Best known for their hit""Pretty in Pink,"" which was immortalized in the 1985 film of the same name, Britain's Psychedelic Furs remain one of the leading lights of the post-punk and New Wave eras. Never ascending to the superstar heights of contemporaries like U2, The Cure or Duran Duran, the Furs nevertheless managed to avoid the dreaded""one-hit wonder"" fate of so many bands of the late 1970s and 1980s. Instead, they inhabit that realm of college-radio respectability in which bands have more impact on future musicians than they ever did in the marketplace. Right from the introduction, author Thompson declares his intention to eschew biography in favor of an exploration of the band's story""from without."" However, it soon becomes clear that without the benefit of backstory, none of the people in and around the band can be sufficiently understood as personalities, so snippets of biography do creep in. The book traces the standard narrative arc that we've all come to expect from VH1's popular Behind the Music: rise, peak, semi-precipitous fall and the inevitable past-their-prime reunion. Likewise, the rock and roll cliches abound, from an endless stream of new drummers (a la Spinal Tap) to trashed hotel rooms and drunken brawls. But the book is mostly concerned with a staid litany of personnel, producers and dates. Thompson is also attracted to needlessly flowery prose, as when he writes,""Gone were the wired and weirdly worldly mavericks who still seemed forever torn between playing a set full of hits and bits."" Thompson's skills as a researcher will please dedicated Furs fans, but this band history is unlikely to win many new converts. 8 pages b/w photos.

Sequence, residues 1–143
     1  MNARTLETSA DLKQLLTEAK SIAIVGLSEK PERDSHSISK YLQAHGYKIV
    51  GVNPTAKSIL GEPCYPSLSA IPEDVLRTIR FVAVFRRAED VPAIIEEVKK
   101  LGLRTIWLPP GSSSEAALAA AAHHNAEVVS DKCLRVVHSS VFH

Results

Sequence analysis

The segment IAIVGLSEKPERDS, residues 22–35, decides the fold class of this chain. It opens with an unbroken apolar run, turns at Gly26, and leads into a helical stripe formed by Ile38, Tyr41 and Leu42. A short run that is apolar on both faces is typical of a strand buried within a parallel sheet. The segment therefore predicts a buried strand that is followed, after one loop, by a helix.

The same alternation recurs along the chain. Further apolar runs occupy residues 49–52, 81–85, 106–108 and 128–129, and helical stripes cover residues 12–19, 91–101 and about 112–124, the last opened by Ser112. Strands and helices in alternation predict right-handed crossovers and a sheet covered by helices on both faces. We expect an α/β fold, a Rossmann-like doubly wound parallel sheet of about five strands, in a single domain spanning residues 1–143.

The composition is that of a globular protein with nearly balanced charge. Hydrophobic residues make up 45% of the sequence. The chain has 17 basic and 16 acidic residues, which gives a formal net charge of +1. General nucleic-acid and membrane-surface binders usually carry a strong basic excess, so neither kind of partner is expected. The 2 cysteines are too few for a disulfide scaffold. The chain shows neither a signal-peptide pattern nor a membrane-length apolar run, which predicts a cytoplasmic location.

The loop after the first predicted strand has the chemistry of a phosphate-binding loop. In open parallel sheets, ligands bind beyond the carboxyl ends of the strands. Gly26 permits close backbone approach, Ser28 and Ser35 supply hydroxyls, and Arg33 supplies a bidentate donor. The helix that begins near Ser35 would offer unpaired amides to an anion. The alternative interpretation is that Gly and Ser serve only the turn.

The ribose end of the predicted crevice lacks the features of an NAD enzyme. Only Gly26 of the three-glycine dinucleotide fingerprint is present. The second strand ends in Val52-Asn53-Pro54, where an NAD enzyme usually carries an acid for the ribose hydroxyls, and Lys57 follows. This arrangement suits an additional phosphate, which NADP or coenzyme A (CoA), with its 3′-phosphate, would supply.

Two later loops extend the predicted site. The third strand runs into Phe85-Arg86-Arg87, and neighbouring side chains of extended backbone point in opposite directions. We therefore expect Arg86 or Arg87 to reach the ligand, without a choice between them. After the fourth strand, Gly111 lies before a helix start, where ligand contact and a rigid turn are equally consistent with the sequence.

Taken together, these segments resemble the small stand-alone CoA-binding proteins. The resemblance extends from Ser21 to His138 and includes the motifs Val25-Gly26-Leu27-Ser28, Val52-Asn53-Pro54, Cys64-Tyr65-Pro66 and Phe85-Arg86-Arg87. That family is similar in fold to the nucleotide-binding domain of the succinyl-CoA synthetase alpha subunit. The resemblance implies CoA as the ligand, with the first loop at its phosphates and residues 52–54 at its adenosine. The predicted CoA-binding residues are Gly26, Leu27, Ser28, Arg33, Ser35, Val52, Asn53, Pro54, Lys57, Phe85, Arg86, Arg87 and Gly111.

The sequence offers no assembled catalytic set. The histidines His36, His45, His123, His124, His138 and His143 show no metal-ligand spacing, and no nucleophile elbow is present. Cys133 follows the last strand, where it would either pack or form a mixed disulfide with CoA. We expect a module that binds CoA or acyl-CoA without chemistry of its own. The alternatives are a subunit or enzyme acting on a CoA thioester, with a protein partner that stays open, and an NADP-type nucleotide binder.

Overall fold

Reviewed on: 11/01/2004 Release date: 11/01/2004 Genre: Nonfiction